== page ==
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I’m new here and I would to ask something, even though some of may not like this question, I would like to here answers from only Christians. Atheist and such might come to this post and probably start ridiculing me or something and will not understand what’s going on here.

Now, the other day on Quora, I asked about how should a Christian talks about Gods wrath and such without making people think he is a tyrant, and user yesterday(who is obviously a Christian)answered me: “God is a tyrant. Why wouldn’t you want a perfect tyrant ruling over you?

Remember that Jesus tells us the ones who are meant to get it will get it.

John 10:27-28 King James Version (KJV)

27 My sheep hear my voice, and I know them, and they follow me:

28 And I give unto them eternal life; and they shall never perish, neither shall any man pluck them out of my hand”

I replied to him:“If you are suppose to be a Christian, let Me ask you, so you believe that God is a cruel oppressive ruler? Because that is what the definition of what a tyrant is, and a Christian saying that God is a tyrant, in a “deal with it” kind of way will totally NOT get ANYONE to want to come to him!”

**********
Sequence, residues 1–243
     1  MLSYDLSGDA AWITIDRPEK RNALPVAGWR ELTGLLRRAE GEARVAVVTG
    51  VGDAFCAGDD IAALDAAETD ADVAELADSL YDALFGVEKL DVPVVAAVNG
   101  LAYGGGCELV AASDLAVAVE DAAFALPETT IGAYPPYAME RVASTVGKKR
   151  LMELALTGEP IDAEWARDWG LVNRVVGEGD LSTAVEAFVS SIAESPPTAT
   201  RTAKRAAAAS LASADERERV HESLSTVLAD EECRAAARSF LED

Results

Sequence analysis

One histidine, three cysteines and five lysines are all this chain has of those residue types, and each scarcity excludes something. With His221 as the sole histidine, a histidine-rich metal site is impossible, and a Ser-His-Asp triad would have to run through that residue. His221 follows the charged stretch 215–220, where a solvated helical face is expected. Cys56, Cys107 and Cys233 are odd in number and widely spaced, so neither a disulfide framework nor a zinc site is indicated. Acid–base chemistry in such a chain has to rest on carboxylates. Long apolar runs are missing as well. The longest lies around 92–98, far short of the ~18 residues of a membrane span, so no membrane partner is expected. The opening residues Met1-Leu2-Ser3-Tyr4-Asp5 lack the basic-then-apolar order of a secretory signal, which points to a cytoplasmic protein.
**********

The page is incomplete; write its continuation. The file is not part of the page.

He than replied to me: “Then go away. We can’t change His nature. We can only seek to understand its wisdom.”

What this person has said to me has been kinda bothering me, and I don’t want to see God as a cruel master!

  • The person might be thinking of the word despotes as used in Luke 2:29, Acts 4:24, Revelation 6:10 (of God) and 2 Peter 2:1, Jude 4 (of Christ). But one must consider the question of whether despotes (in Greek) has the same meaning as 'despot' inEnglish. – Nigel J Apr 7 at 19:13
  • This is not a Christian site, it is secular – Adam Heeg Apr 7 at 23:04
  • @AdamHeeg Yeah but, I can still ask Christian related questions though – Jordan Walker Apr 7 at 23:16
  • Of course you can. But answers here are restricted and not always satisfying in some peoples opinion. Truth questions particularly so. – Adam Heeg Apr 7 at 23:26
  • @KorvinStarmast I’m sorry about that, but what how does the mustard seed story go again? – Jordan Walker Apr 8 at 0:53
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From Brittanica.com:

Tyrant, Greek tyrannos, a cruel and oppressive ruler or, in ancient Greece, a ruler who seized power unconstitutionally or inherited such power. In the 10th and 9th centuries BCE, monarchy was the usual form of government in the Greek states. The aristocratic regimes that replaced monarchy were by the 7th century BCE themselves unpopular. Thus, the opportunity arose for ambitious men to seize power in the name of the oppressed.

  1. God did not usurp authority not righfully His. He created the universe and we belong to Him.